PR Tips for Alexa’s Human Listeners

Now we know. Amazon’s Alexa really is listening to our conversations. A Bloomberg exposé details that Amazon has an army of some thousand humans listening to tapes of what Alexa ‘hears’ inside homes around the world.

It's not spying, though. Listening improves the devices, Amazon, and other tech companies, say. “This information,” Amazon tells Bloomberg, “helps us train our speech recognition and natural language understanding systems; listening helps Alexa better understand "your requests" and "ensures" it "works well for everyone.”

Note to tech communicators: prepare your brand's narrative about AI, including AI-learning procedures, immediately.

Listen, Everybody

Alexa’s human listeners are contractors and full-time Amazon staff. They listen 9 hours daily, hearing as many as 1,000 audio clips per shift, according to Bloomberg. In addition to hearing commands, "Alexa, add almond milk to the grocery list," and questions, "Alexa, who's the prime minister of Italy?" Amazon's human-listening troops hear you pontificating about sports and politics, telling a joke and upbraiding the kids for being glued to their mobile phone.

Amazon insists its zero-tolerance policy prohibits employees from misusing the audio clips. “Employees do not have direct access to information that can identify the person or account [they’re hearing]," it says. In addition, "all information is treated with high confidentiality." Amazon says it uses "multi-factor authentication" to restrict access. It also employs encryption and conducts "audits of our control environment to protect it.”

Trust Busting

That's good, yet trust issues loom. For one thing, Amazon fails to “explicitly say [in its marketing and privacy policy materials that] humans are listening to recordings of some conversations," Bloomberg contends. That puts communicators in a bind. They will need to insure consumers feel OK now that they know Alexa (and other devices, probably) are listening to them.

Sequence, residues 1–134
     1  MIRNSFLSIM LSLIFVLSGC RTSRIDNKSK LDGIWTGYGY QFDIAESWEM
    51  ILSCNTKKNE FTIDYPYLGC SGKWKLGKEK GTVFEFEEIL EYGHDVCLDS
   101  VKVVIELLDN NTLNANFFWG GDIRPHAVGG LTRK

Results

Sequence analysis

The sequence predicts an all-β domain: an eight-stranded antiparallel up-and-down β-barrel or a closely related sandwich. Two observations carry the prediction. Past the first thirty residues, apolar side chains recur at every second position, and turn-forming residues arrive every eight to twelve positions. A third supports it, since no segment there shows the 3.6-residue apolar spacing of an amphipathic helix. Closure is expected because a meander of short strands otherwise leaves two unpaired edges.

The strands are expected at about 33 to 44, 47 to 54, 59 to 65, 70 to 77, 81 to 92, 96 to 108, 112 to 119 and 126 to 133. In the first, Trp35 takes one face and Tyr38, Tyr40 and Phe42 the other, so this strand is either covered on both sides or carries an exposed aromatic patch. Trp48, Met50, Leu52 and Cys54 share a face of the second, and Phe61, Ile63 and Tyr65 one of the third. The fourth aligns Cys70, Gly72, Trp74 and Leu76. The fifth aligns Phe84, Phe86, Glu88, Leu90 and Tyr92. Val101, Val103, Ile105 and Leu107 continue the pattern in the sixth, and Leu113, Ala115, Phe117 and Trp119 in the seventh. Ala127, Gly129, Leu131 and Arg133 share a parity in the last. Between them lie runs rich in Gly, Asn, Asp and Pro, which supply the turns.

Yes, Amazon’s policies for protecting consumers' conversations seem responsible. On the other hand, why not be transparent? 'We and our devices are listening to you, for educational purposes only,' Amazon and other tech companies should tell us. A really good communications effort could make that seem palatable, right?

In Fletcher Knebel's 1965 best-selling political novel, "Night of Camp David", which was re-released last year, the president of the United States urges across-the-board phone-tapping.  Only criminals should have concerns about that, president Mark Hollenbach says. Even in a novel, the public is reluctant to buy it.


There's an easier solution. It's one that a communicator, as the eyes and ears of the public, might have suggested. People buy Alexa so it can respond to commands and answer questions. As such, limit Alexa’s human listeners to those moments when people are addressing the hockey puck device. Will Alexa learn language that much faster listening to mom singing off-key in the shower?

Above all, be transparent. Have communicators invite media to witness Alexa's listeners behaving properly. Similarly, offer to show reporters and the public your company's privacy policies and other safeguards. In an AI era, these steps could make the communicator’s job of building and maintaining brand trust far easier.

Seth Arenstein is editor of PRNEWS. Follow him: @skarenstein